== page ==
Units and density: 18 mixed tenure homes with commercial space at ground floor, 325 hrh, 113 dph
Status: Completed 2017
Great Eastern Buildings is a
mixed-use development on a brownfield site in Hackney providing 14 intermediate
and 4 market sale units with creative industry space at street level.
Formerly offices for the Great
Eastern Railway, the scheme sits in a constrained location next to a railway
line within a local context of municipal buildings and 2-3 storey Victorian
properties forming the Horton Conservation Area.
A shopfront opens out to the street from the taller apartment building on Reading Lane and onto a shared forecourt opposite a renovated railway arch. A new mews street, reminiscent of a typical London mews typology extends from the taller, street-facing building and sits parallel to the railway line in response to the narrow depth of the site.
The material palette of handmade brickwork echoes the surrounding Victorian housing in the conservation area and the railway viaduct. The mews elevation interprets the elements of a traditional London mews typology in a contemporary way by incorporating white brickwork at ground floor with darker brickwork above.
Full brick reveals on windows and terraces create depth to the façade, expressing the solidity of the new homes, while a variety of brick lintels are used to distinguish between the character of the apartment building on Reading Lane and the new mews street. Detailing in the form of bronze balustrading on terraces and juliet balconies and timber doors complement the simple brick palette and contribute to the quality of the scheme.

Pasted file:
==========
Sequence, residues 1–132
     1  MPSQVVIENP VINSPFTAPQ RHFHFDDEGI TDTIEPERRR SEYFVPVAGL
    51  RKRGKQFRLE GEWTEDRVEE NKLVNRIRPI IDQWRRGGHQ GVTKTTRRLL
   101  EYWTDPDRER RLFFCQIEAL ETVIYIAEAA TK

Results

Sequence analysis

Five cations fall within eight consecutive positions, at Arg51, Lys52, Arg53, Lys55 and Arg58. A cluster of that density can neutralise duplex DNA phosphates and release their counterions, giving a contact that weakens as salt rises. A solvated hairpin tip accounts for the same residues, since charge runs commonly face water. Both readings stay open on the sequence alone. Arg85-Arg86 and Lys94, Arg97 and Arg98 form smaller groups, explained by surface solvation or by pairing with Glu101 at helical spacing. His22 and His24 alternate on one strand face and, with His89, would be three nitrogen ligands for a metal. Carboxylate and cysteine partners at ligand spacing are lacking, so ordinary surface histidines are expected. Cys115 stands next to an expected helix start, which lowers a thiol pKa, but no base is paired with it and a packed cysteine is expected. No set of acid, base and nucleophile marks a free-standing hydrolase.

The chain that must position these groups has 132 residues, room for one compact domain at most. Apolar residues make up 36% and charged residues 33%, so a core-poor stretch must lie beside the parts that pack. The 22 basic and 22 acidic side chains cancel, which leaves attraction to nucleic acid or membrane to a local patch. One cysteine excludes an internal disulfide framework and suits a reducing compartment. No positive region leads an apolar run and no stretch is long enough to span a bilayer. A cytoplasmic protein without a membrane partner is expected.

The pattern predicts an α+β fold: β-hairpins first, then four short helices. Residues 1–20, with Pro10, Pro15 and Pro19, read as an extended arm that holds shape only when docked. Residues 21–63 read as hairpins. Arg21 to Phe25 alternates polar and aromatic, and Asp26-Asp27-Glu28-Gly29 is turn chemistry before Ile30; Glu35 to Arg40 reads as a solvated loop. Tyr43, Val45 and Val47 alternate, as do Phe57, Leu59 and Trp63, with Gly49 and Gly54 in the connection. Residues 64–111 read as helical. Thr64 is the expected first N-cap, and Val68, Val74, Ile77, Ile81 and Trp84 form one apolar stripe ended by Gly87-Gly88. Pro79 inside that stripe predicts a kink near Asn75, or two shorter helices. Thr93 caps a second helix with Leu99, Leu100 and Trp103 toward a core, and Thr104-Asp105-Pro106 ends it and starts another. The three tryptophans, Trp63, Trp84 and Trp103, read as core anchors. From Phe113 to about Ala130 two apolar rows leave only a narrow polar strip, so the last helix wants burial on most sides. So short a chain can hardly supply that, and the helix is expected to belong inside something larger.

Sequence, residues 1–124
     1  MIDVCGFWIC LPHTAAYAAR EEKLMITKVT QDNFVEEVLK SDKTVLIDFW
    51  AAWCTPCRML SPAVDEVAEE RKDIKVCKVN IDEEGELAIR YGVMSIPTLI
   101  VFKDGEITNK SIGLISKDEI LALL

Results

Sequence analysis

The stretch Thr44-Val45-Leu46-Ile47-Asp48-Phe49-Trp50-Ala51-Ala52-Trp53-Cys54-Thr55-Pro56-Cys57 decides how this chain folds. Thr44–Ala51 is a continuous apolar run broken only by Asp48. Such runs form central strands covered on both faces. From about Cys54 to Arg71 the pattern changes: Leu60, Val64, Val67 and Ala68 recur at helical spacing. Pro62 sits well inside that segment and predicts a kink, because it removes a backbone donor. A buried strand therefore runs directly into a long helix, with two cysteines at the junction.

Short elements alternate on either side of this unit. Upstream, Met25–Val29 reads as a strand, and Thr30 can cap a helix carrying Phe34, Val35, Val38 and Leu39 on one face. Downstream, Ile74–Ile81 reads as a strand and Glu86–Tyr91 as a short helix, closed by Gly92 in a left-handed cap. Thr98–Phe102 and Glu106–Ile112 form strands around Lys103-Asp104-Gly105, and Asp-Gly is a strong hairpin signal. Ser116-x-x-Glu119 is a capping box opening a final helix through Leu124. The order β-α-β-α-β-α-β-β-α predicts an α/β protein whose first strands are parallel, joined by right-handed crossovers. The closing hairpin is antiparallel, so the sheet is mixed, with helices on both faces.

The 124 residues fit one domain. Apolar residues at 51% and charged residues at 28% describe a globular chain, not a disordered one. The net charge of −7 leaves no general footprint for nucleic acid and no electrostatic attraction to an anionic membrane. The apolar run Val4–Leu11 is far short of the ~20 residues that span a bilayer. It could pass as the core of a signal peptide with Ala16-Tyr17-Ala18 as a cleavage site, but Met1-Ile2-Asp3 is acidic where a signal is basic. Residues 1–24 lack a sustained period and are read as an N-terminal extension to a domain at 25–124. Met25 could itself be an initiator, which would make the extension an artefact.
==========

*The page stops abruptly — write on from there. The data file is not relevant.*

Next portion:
The strategy signage played a fundamental role in creating a sense of place. Karakusevic Carson collaborated with designers Alexander Boxill to incorporate graphic design within housing which extended to bespoke typography seamlessly crafted into a steel bar entrance gate.
All dwellings are designed to meet Lifetime Homes and London Housing Design Guide criteria and benefit from generous external space in the form of terraces and balconies. Ground floor homes on the mews street have private patio gardens which extend out from and complement internal living spaces, with direct access to a shared garden.
The new mews street creates a space for chance meetings and well-overlooked play, whilst the rear communal garden and green roofs provide a stimulating biodiverse environment with wildflower planting.